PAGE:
Sen. Brett Allain, left, R-Franklin, and J.P. Morrell, right, D-New Orleans, in a scene during activity in the Louisiana Senate, Thursday, April 20, 2017.

The state Senate gave final legislative approval on Friday to revamping the subsidies that taxpayers provide to produce films and TV shows in Louisiana.

Senate Bill 254, approved without debate on a 33-2 vote, goes to the governor, who is expected to sign it into law.

Jubilant supporters in the film business predicted it would bring productions to Louisiana that have gone elsewhere in the wake of a 2015 rewrite of the film tax credit law.

“We have every reason to believe we’ll have a significant increase in production and jobs,” said Robert Vosbein, a New Orleans attorney and film industry supplier who is president of the Louisiana Entertainment and Film Association.

The 2015 legislation capped the amount of money that the state could pay out in redeemed tax credits, but did not limit the amount of tax credit certificates that the state could award each year. That, Vosbein said, caused a backlog of producers trying to claim their tax credits. Producers went to Georgia, Vancouver and other locales that provided more attractive subsidies.

SB254, which passed the House on Thursday, retains the $180 million cap from 2015 on how much the tax credits will cost taxpayers per year. The new bill also limits the amount of tax certificates the state can award, $180 million initially and $150 million per year after three years, to eliminate the backlog and provide the certainty that producers say they need to return to Louisiana.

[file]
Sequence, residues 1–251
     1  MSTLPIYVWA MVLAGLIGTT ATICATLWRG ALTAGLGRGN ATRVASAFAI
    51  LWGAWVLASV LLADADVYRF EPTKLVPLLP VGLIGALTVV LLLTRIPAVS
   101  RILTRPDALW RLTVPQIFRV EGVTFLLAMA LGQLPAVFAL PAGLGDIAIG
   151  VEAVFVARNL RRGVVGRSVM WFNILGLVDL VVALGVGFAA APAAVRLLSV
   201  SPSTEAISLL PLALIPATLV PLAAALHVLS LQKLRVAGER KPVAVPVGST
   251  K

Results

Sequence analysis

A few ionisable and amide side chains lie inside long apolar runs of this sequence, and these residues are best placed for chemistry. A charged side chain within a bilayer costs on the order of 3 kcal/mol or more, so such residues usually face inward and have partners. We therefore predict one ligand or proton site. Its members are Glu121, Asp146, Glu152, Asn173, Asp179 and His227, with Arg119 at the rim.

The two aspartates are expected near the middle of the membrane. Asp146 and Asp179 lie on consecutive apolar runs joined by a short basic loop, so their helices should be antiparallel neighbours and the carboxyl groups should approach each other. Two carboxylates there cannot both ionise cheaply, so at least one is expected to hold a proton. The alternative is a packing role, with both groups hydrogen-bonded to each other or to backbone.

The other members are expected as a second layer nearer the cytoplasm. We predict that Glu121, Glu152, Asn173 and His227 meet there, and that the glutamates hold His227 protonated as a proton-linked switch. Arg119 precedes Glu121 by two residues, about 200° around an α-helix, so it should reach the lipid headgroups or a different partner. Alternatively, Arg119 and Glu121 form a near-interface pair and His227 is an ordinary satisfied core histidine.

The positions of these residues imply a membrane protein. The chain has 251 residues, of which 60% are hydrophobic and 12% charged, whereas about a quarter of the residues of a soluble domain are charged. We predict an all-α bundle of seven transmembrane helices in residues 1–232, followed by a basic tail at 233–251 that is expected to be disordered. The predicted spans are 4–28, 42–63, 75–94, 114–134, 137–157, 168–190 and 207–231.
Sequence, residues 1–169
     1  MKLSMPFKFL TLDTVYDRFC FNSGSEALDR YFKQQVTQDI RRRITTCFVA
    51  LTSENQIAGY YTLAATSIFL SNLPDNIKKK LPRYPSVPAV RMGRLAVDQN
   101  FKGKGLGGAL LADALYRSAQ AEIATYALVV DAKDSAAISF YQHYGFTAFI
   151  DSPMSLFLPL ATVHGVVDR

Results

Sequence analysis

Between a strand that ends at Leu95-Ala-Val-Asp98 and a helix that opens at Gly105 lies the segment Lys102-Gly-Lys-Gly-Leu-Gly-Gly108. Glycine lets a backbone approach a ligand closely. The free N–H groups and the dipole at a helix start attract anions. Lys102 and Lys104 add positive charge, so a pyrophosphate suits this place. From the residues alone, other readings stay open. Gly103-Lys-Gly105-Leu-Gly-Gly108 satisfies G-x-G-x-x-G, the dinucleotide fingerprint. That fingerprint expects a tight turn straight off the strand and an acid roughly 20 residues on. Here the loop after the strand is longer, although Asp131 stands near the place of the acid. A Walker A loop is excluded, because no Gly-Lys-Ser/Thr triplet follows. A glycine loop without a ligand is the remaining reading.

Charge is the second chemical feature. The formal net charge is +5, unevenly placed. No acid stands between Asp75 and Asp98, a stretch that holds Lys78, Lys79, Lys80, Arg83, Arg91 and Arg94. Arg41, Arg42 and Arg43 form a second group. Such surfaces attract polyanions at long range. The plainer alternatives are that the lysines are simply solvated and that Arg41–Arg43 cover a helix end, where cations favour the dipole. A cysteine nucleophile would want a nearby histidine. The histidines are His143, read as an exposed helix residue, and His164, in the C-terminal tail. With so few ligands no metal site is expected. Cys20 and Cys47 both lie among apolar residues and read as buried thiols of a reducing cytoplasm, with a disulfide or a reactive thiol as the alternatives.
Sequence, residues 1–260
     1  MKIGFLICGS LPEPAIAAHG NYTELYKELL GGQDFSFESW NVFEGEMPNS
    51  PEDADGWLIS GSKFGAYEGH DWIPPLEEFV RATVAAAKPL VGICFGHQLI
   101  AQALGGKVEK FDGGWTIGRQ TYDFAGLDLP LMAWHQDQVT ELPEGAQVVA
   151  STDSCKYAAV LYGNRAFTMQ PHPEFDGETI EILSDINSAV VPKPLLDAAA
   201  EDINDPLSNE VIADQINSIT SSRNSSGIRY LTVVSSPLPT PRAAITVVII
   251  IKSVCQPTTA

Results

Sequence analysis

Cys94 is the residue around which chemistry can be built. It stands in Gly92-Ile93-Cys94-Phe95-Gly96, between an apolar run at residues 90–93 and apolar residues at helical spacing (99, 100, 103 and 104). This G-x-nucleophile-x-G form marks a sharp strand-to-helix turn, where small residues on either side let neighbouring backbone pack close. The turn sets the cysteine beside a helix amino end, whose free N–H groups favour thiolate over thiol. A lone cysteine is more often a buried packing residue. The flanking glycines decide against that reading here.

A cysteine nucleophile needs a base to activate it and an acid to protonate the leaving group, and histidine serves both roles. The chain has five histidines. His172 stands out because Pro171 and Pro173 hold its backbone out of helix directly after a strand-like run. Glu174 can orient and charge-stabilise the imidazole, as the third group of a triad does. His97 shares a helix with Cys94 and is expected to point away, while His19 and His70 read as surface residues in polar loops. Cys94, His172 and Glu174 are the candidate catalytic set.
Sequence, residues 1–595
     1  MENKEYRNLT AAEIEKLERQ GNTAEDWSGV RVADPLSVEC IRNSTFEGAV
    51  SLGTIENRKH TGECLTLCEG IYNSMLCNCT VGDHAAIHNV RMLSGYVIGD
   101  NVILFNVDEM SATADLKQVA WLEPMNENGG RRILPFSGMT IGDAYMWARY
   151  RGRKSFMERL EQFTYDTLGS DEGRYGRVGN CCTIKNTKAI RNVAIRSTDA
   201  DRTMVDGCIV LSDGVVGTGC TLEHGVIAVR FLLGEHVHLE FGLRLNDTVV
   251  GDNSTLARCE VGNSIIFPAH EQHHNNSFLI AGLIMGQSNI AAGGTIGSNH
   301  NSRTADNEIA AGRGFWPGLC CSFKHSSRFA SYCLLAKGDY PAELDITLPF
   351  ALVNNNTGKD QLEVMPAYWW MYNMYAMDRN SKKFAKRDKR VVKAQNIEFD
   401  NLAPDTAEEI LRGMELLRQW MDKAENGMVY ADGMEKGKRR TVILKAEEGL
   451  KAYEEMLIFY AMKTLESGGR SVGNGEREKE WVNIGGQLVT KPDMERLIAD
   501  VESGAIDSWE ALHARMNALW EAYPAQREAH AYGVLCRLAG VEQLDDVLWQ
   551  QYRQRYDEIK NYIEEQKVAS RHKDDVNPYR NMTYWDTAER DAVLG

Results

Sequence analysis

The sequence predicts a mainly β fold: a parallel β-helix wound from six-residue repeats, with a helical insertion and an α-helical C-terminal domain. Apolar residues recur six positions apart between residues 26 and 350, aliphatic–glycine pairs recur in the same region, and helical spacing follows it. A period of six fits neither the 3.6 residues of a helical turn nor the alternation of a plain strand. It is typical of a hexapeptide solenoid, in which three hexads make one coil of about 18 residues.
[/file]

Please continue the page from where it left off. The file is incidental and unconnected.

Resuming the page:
“We hope it’s going to stabilize the program and bring more jobs,” said Cory Parker, who represents the members of the union for grips, electricians, set dressers, painters and many others who behind the scenes. “The phones have actually started to ring.”

SB254 would reduce the basic tax credit per production from 30 to 25 percent, provide an additional 5 percent credit for filming outside of metro New Orleans and cap each credit at 40 percent of the overall production cost. It also would limit the cost per movie to $20 million from $30 million and set aside 15 percent of the $180 million annual cap for productions that originate in Louisiana and are independent films.

SB254’s features were crafted through weeks of work by industry officials, officials at Louisiana Economic Development, the state agency that oversees the tax credit program, and state Sen. JP Morrell, D-New Orleans, the bill’s sponsor.

“Sen. Morrell gets a lot of credit for forging a compromise package that worked for the state given the financial situation, as well as the Hollywood studios and local companies,” Vosbein said.

Taxpayers have sunk more than $1 billion into film and TV productions over the year. Independent studies have shown that the program generates only 20 to 25 cents per dollar in state taxes for every $1 in taxpayer money it provides producers.

Follow Tyler Bridges on Twitter, @tegbridges.